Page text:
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Given that an extensional definition is one that defines the definienda by enumerating (partially or exhaustively) examples that belong to it (i.e. the list defines the concept), and intensional is a definition if it focuses on the principles behind the definienda, i.e. necessary and sufficient conditions, and therefire lists things that comply to these conditions as belonging to the given definition (i.e. rules define the concept), then which of these a Turing-test-like definition belongs to?

For those who are not familiar with the Turing test: it is a phenomenological test to overcome an indistinguishability-problem, by passing the decision to an objective judge. In this way it selects those entities that comply to a certain concept (the definition) in an indirect way. To put it simply, if a human judge cannot distinguish a computer from another human by interacting with them then we can take both the computer and the human as "intelligent" entities. Similarly, if a biological cellullar organism does not distinguish between a natural and an artificial cell (e.g. binds to both), than we might want to call both natural and artificial cells "living" (or not, but this is not the point here).

Irrespective of the fact whether such a definition is useful or not, I want to know what kind of definition is a Turing definition. It seems extensional, as on the one hand it practically distinguishes between entities whether they belong or not to the same set. Though on the other hand it relies on implicit (and unknown) principles, conditions, that control whether an entity belongs to the set or not, which might render it intensional. Furthermore, it is not enumerative in any sense, as it does not define the definienda by listing examples.

One might even think it is a third type of definition.

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It's closest to an operational definition. The idea of such definitions is to identify empirical criteria that would provide every reason to believe that we are before an instance of F, and propose such criteria as the definition of F. Other operational definitions are the phenetic concept of biological species, or verificationism about meaning.

In general, operational definitions are discredited in philosophy: they stem from very extremely empiricist positions in epistemology that are nowadays generally considered as misguided. Operational definitions hope to find an empirically salient symptom of the definiendum whose presence coincide perfectly with it. But symptoms are hardly ever necessary, or sufficient. In the case that interests you, it appears both that a judge could mistake a cleverly built (but dumb) automaton for an intelligent agent, and an intelligent (but, say, shy) agent for a dumb automaton.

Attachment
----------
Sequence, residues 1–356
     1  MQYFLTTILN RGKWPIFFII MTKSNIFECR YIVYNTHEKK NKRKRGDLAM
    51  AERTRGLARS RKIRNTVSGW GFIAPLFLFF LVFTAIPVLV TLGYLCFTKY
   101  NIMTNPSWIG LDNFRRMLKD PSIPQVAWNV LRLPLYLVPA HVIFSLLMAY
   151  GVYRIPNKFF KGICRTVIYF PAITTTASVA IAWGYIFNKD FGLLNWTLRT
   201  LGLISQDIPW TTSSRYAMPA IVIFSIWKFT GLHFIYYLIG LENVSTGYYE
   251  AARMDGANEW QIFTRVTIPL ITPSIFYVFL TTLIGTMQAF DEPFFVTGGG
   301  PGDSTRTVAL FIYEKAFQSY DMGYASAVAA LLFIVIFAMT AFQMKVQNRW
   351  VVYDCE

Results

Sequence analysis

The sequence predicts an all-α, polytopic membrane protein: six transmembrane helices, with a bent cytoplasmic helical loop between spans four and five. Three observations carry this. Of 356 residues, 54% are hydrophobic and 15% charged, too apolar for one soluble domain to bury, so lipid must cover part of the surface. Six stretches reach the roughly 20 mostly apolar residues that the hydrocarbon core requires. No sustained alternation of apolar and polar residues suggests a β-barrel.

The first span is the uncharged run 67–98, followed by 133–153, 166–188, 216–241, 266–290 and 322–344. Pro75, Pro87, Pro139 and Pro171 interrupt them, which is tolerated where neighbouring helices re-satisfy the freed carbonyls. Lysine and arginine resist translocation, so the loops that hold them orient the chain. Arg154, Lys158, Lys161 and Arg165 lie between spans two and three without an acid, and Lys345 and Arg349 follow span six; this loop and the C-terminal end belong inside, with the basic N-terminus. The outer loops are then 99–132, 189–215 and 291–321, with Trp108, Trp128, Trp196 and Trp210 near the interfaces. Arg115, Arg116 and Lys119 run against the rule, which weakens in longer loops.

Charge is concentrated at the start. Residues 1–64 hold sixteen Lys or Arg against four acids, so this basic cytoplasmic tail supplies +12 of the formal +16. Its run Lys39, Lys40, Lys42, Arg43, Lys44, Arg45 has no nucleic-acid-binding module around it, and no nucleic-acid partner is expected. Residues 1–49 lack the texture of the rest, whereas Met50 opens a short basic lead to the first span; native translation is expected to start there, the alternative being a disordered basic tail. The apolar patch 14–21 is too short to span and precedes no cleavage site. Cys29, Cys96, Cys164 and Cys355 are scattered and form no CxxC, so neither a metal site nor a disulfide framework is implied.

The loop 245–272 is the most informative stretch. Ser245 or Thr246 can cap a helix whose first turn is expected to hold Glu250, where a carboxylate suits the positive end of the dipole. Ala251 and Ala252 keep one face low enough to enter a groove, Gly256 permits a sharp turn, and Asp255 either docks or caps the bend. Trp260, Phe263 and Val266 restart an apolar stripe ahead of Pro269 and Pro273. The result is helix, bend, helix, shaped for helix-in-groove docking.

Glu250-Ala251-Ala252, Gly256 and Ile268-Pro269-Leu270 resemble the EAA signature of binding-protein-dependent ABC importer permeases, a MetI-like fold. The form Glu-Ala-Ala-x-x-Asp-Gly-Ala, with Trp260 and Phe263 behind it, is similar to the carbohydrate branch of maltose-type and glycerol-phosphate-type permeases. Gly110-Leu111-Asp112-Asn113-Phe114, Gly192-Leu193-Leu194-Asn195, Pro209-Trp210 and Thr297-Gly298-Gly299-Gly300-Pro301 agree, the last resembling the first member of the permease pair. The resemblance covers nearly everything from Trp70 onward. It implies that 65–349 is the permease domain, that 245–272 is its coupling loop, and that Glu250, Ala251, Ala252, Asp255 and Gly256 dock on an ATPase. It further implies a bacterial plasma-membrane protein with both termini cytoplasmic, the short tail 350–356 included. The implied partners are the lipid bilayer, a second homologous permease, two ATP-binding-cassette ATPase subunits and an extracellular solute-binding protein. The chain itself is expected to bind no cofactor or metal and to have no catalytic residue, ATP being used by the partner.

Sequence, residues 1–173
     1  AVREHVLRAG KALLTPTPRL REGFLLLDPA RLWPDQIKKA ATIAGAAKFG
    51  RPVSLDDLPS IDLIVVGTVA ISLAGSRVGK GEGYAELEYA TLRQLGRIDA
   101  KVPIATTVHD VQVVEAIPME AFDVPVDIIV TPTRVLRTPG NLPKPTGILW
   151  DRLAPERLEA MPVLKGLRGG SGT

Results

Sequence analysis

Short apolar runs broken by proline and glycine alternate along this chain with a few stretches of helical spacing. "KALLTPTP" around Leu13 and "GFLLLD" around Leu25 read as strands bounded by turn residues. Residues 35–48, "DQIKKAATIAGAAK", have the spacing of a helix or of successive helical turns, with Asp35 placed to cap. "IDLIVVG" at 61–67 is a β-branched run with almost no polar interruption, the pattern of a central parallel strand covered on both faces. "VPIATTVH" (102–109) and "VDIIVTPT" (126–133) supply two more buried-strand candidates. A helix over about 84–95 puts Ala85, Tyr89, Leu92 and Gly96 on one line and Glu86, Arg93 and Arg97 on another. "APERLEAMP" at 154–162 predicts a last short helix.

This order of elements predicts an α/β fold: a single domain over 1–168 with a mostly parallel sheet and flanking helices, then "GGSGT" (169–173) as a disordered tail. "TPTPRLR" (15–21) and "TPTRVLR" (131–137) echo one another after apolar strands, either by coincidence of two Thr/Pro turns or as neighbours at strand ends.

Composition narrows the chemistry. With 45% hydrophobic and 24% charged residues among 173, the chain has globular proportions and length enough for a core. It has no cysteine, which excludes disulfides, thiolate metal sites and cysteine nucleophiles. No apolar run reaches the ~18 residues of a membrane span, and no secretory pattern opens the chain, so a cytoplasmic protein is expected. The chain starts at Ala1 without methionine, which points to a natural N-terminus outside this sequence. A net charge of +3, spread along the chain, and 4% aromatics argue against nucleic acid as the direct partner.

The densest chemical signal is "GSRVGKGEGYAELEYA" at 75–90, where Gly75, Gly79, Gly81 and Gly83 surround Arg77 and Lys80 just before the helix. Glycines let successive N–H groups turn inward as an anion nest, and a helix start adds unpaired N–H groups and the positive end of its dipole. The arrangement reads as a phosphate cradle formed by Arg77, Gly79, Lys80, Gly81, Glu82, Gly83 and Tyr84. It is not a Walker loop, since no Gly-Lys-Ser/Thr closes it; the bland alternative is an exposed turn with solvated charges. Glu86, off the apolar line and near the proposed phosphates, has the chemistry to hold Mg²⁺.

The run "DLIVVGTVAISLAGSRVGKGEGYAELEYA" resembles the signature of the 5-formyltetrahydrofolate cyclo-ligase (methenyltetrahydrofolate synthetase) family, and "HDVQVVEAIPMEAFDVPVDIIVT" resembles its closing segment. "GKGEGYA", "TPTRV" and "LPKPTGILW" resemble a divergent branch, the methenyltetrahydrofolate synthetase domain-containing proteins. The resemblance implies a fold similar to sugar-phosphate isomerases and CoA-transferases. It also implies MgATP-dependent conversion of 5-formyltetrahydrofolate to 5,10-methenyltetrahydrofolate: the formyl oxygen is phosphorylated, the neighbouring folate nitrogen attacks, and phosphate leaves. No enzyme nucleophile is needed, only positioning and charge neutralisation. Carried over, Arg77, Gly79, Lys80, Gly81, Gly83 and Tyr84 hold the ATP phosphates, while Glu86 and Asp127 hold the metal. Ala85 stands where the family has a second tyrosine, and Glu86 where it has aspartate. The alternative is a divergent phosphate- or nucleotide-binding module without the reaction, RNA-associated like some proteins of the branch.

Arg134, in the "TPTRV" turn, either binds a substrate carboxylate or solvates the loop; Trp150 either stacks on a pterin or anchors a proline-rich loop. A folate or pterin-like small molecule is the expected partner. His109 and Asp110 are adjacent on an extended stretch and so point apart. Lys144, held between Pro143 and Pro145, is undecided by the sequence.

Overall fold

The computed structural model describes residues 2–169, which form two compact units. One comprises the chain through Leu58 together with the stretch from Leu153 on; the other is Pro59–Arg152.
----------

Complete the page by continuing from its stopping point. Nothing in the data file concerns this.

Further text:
That doesn't mean they are useless, though: operational definitions might not be great qua definitions, but they provide a good empirical foothold for the investigation of the putative definiendum.

  • Thank you, this seems to overlap with my intuitive understanding! Complex-but-dumb and intelligent-but-hidden were my two main concerns too so far. – István Zachar Jun 19 '12 at 7:38
  • One could argue that an operational definition is a case of a definition by extension: those objects which are classified in one way by the operation share some property. But that property is not necessarily intelligence, in the case of the Turing Test. (If there is no way of reliably reproducing the outcome of the test, this just shows that the test itself is unreliable for measuring what it is imagined to measure, or just that the property which it does measure is extremely changeable with time, further suggesting that what people imagine the test measures is in fact something of a chimera.) – Niel de Beaudrap Jun 19 '12 at 12:48
  • @NieldeBeaudrap Well, it would not be very informative to define intelligence as "the property that intelligent entities have". In general, you want the definiens to appeal to properties other than the one to be defined. – Schiphol Jun 19 '12 at 15:01
  • @IstvánZachar Yes, this is a problem of operational definitions in general. I have elaborated about it a bit in the answer now. – Schiphol Jun 19 '12 at 15:04
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    @NieldeBeaudrap, I think you mean "intensional": the objects that satisfy the definition are picked up by one of their properties: passing the Turing test. But otherwise I see what you mean now. Thanks for clarifying. – Schiphol Jun 19 '12 at 15:38

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